Lyons, Kas.. March 19 (Special.) Large
crowds attended the Southwest Kansas
Methodist conference meetings each day,
and in the evenings overflow meetings are
held in other churches. The address this
evening was delivered by Dr. Nusbaum,
the subject being "The Educational Anni
versary." Three Want to Succeed Botkln.
Topeka, Ka? , March 19. (Special.) Then
are three avowed candidates for the posi
tion of state commander of the Kansas
G. A. R , D. W. Eastman, of Emporia;
W. R. Bair. of Dunlap, and D. S. Elliott,
of Coffeyville. Topeka. Hutchinson and
Wichita are all candidates for the state
Topeka Attorney Disappears.
Topeka. Kas.. March 19 (Special.) J. M.
Sheafor, the veteran attorney", who has
had an office at 523 Kansas avenue, has
mysteriously disappeared. He left Topeka
Thursday night, it is supposed for Colora
do. He has been arranging his affairs for
The Murder of JLavnke.
Dubuque. la.. March 19. The coroner's
jury investigating the murder of Attorney
Lavake returned a verdict, charging the
crime to John McGeary. who has been un
der arrest since the day of the shooting.
HEN AND HER CHICKENS.
Octa-re Thanet Brashes Away Some
Common Illusions Abont
From Harper's Magazine
It was also borne in upon us during years
that the sellers hav e a kind of cold storage
system about eggs that mars their useful
ness. We seldom had an order for eggs
filled under a month's time, during which
our appointed hens tried to outwit us by
having families of their very own, and gave
us no end of exation. We cannot feel,
either, that eggs collected for a month and
jolted over hundreds of miles of railway
and six miles of corduroy road are fit to of
fer a conscientious hen. To corroborate
this view of tho imported eggs I may cite
tho fact that the eggs laid by our own
fowls never failed to give a proportion of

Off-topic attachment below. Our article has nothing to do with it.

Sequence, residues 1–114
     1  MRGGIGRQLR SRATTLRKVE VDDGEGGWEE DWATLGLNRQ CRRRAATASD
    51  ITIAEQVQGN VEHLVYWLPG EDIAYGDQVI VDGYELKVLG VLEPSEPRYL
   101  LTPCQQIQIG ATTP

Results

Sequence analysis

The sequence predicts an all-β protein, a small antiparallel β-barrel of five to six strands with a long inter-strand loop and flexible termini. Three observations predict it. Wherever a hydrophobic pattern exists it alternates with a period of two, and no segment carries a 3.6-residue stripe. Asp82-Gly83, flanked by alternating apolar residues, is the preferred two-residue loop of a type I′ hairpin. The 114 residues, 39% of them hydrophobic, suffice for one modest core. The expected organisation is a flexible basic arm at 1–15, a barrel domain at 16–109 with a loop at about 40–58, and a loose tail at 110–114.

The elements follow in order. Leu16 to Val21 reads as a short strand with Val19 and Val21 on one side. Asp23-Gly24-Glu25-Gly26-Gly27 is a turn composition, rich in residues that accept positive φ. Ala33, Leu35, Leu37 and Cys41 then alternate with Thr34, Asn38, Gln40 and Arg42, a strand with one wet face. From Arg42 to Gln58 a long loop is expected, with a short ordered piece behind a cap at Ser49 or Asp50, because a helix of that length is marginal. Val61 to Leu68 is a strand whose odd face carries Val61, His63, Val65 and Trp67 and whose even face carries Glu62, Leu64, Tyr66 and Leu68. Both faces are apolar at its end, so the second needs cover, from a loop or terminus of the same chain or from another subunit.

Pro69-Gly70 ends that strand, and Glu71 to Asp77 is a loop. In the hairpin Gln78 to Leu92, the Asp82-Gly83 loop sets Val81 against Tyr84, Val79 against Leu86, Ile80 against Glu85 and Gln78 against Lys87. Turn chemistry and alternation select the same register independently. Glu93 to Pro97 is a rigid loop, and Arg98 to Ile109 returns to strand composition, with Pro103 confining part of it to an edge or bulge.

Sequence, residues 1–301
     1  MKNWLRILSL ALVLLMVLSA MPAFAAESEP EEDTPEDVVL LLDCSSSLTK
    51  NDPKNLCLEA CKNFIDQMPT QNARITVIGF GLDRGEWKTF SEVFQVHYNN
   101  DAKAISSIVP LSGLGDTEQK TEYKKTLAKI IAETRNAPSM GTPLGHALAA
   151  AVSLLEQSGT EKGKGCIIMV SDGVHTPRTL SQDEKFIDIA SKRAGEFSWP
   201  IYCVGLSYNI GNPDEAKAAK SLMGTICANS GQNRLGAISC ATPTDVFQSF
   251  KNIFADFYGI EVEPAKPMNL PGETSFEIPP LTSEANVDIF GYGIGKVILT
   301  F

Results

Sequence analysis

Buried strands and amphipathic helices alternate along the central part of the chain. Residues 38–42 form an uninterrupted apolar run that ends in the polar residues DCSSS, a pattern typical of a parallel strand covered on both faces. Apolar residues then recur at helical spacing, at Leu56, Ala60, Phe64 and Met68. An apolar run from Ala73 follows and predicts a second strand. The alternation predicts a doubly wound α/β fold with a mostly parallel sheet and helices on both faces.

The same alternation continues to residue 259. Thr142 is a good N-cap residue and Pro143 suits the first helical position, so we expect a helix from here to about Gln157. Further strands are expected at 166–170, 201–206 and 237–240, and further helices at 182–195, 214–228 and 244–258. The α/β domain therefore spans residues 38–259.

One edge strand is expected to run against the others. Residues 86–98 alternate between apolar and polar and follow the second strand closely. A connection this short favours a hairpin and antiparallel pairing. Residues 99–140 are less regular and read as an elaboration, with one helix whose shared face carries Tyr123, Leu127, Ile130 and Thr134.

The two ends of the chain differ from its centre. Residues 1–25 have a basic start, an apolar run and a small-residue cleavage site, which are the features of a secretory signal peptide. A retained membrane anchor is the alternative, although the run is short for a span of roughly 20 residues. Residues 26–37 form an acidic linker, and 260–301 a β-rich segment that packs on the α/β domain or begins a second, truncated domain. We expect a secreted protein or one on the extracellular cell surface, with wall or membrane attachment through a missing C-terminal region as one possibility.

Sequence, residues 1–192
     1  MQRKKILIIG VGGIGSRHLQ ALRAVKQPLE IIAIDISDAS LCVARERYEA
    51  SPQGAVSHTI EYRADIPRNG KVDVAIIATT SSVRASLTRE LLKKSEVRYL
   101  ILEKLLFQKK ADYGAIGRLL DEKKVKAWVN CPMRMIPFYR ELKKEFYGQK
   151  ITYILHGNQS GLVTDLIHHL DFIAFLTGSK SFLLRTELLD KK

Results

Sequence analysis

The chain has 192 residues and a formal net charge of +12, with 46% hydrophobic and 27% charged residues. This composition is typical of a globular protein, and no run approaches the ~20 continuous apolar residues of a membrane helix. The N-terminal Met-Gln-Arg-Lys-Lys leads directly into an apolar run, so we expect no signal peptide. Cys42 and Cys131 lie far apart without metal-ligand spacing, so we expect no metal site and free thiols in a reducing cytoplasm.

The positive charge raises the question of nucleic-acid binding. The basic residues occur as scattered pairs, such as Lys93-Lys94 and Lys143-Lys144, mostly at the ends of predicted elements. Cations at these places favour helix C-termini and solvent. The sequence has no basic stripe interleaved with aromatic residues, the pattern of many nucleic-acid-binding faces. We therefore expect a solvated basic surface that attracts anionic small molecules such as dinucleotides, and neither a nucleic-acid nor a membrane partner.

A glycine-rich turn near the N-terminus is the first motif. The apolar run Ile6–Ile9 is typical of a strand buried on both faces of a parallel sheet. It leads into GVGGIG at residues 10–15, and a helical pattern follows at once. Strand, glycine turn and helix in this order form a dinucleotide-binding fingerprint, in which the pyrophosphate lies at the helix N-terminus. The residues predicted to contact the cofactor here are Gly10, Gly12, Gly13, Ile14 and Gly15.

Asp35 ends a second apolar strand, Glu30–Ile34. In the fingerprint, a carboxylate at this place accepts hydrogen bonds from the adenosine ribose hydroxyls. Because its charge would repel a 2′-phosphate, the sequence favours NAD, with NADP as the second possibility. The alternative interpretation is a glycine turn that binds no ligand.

at least ten out of thirteen. I should say
that the fresher the egg the better the
chance for the chicken. Simultaneously
with our discoveries with regard to the
practice of egg vendors, we made some
gloomy discoveries about the brutal clum
siness of the mother hen. Hardly a family
of little chicks seet the sun than one or
two or three will not be trampled or smoth
ered or crowded out of the nest to freeze,
or In some way done to death.
Thus pitiless experience brushed away
our illusions about nature. One is always
hearing how wise nature Is. how ingenious,
and how she ia "cruel only to be kind."
But let any believer in nature's great head
go into tho poultry business for one brief
spring and he will see that she bungles like
the rest of us. The hen very naturally
makes a mesa of it trying to hatch her
brood She doesn't even have instinct
enough to push out the addled eggs; there
seems to be no sense of smell In her bill.
And she cannot bo sure of her own chil
dren, but promptly mothers any little
foundlings secretly introduced in her home
the first night after hatching. She can't
count, of course, and takes care of sixteen
children instead of six without a mur
mur. Lincoln Banker Arrested.
Lincoln. Neb , March 19 C. M. Crawford,
cashier of the collapsed Merchants' bank,
was arrested to-night on a grand Jury in
dictment, charging him with receiving de